The Royal Mint continues sustainability journey with Circular Computing remanufactured laptops
Circular Computing, a leader in the remanufacturing of laptops, is helping The Royal Mint to decarbonise its IT estate by supplying it with carbon neutral remanufactured laptops certified to be equal to or better than new devices.
The Royal Mint, the official producer of UK coins and other offerings including precious metals investment, luxury collectables and jewellery, is committed to reducing Scope 3 emissions across all areas of its operations, including IT.
To this end, it has already taken delivery of more than 70 carbon neutral, remanufactured Lenovo ThinkPad T480 laptops, with further deliveries scheduled for later this year.
Using a BSI Kitemark-certified 360-point Circular Remanufacturing Process, Circular Computing remanufactures HP, Dell and Lenovo laptops to look and perform like new, with the added benefit of carbon-neutral processes and end-product.
Simon Edwards, Head of IT Operations at The Royal Mint, said: “Sustainability
is core to the long-term future of The Royal Mint and our technology function
is challenged with delivering sustainable computing for our employees. We teamed up with Circular Computing and ran a trial of their sustainable laptops.
“Not only do the remanufactured laptops meet our demanding specifications, they have premium appeal, from the packaging they arrive in to the quality of the devices themselves. They also come with extended warranty options, which made it an easy decision to move to Circular Computing.”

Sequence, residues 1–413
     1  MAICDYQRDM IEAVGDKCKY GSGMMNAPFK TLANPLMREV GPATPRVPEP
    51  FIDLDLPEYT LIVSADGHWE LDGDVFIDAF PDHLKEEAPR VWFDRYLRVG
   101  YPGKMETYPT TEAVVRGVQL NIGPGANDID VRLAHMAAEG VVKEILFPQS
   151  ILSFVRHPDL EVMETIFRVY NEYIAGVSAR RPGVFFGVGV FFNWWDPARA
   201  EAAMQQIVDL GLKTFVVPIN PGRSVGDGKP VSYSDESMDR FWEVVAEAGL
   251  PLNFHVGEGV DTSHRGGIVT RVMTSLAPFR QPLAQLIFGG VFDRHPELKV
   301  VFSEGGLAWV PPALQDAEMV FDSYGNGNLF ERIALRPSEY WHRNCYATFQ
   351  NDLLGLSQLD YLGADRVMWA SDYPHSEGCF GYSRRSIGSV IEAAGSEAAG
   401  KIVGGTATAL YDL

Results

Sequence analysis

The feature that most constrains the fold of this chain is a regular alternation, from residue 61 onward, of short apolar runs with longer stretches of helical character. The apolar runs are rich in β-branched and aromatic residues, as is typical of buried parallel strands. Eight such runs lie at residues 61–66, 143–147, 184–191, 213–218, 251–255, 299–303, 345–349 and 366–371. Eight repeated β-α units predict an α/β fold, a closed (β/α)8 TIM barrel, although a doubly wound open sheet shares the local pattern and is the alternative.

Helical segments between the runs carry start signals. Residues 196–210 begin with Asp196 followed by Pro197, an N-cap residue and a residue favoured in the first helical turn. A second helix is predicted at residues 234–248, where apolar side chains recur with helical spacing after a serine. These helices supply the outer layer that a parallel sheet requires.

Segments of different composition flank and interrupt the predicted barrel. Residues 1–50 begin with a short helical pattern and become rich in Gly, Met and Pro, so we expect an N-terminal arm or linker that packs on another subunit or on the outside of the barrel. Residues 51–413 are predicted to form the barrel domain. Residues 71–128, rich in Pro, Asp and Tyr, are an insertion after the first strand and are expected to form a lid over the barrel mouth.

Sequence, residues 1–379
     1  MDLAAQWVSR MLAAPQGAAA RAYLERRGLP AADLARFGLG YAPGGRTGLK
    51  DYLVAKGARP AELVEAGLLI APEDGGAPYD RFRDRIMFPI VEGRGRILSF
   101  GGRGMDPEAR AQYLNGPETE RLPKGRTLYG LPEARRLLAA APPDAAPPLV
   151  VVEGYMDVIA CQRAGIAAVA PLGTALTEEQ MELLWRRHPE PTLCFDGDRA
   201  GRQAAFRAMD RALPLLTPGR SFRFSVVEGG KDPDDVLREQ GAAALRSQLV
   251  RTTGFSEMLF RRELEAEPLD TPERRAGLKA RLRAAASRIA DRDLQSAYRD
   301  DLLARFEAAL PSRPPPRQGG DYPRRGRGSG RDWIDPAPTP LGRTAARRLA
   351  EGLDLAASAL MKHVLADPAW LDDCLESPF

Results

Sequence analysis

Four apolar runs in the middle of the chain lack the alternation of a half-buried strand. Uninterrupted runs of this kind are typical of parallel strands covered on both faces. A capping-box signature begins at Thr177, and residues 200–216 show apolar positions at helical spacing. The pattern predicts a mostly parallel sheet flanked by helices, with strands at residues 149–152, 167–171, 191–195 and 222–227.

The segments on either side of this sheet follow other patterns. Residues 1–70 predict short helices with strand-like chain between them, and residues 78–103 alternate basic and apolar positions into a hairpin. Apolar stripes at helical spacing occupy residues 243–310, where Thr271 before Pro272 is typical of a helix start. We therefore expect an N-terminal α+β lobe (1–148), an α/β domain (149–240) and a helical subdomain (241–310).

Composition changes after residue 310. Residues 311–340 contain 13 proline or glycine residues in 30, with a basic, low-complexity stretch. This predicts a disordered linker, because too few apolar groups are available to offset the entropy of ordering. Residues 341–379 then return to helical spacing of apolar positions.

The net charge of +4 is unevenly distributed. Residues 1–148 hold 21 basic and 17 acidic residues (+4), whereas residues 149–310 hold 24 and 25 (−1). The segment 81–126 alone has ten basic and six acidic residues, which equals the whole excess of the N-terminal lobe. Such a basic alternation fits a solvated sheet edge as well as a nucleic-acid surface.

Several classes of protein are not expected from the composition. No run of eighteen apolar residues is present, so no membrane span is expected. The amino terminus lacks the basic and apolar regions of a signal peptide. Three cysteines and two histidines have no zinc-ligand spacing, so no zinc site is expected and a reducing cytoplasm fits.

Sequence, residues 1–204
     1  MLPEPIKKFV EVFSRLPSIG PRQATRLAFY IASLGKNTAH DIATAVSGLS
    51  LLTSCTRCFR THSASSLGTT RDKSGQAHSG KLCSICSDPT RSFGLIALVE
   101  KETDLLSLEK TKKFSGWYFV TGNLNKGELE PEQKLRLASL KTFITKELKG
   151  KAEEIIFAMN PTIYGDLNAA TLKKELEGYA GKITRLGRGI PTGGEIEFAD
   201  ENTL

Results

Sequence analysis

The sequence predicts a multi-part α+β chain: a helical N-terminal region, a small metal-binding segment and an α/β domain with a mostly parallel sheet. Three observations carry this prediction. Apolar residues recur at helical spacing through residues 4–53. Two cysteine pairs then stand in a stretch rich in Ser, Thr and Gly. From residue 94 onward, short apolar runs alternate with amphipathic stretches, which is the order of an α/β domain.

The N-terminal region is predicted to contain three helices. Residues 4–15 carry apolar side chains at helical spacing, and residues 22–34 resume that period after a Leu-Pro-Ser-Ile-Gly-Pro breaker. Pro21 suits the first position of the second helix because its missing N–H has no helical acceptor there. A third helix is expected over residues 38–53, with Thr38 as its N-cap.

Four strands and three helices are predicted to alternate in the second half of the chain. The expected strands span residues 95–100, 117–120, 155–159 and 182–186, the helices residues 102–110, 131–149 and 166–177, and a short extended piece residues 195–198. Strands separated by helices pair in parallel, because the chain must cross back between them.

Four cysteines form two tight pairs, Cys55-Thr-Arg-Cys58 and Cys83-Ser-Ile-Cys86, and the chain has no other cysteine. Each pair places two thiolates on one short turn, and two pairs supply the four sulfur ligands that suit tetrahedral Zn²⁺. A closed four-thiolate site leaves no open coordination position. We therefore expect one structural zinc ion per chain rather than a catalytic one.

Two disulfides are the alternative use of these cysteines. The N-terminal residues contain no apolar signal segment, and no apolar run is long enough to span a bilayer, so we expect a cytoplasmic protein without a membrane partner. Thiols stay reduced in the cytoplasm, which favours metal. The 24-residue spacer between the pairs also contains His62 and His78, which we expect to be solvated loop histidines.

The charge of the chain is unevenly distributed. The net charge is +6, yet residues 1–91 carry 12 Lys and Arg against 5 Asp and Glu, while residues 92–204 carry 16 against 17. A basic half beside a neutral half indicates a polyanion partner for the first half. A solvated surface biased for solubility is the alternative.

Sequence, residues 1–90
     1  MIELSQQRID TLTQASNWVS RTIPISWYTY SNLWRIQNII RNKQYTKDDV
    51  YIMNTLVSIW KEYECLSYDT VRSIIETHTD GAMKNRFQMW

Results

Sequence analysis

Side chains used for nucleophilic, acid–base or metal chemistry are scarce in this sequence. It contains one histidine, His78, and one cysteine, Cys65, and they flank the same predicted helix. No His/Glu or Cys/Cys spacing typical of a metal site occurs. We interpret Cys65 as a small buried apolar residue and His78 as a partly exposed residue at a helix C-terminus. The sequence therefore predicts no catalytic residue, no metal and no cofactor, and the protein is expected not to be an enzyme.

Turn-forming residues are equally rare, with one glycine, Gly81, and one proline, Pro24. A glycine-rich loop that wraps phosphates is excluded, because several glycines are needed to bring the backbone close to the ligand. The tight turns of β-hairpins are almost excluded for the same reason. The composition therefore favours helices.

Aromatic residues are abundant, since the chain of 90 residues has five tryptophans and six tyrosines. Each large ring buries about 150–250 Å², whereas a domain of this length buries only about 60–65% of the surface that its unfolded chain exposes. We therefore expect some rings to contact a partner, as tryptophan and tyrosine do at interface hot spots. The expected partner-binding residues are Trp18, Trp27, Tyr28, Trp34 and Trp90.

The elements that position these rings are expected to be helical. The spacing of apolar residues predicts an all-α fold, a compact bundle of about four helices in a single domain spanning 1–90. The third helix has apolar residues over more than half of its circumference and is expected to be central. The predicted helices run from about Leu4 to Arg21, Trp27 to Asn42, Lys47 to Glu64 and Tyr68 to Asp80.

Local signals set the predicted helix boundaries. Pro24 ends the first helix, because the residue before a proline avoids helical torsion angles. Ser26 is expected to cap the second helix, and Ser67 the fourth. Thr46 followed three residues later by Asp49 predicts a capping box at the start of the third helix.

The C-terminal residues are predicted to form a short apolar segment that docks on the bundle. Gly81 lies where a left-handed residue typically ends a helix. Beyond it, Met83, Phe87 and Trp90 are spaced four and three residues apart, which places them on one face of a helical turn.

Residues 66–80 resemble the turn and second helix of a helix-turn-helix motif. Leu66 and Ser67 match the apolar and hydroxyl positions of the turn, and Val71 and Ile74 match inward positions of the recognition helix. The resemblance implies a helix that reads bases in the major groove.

Inga Doak, Head of Sustainability and ESG at The Royal Mint, added: “Investing in a sustainable future for all our stakeholders is integral to The Royal Mint’s overall business ambition. Partnering with Circular Computing, the first company in the world to achieve a BSI Kitemark for their remanufactured laptops, provided us with a fantastic opportunity to demonstrate this commitment. As The Royal Mint transforms for the future, we want to partner with more organisations like Circular Computing that support our ambition to be leaders in sustainable precious metals.”
Last year, The Royal Mint introduced a new technique for recovering precious metals from electronic waste, including gold which it is using in a new luxury jewellery range. It is currently developing a full-scale plant in South Wales to process thousands of tonnes of e-waste per week and recover hundreds of kilograms of precious metals per annum.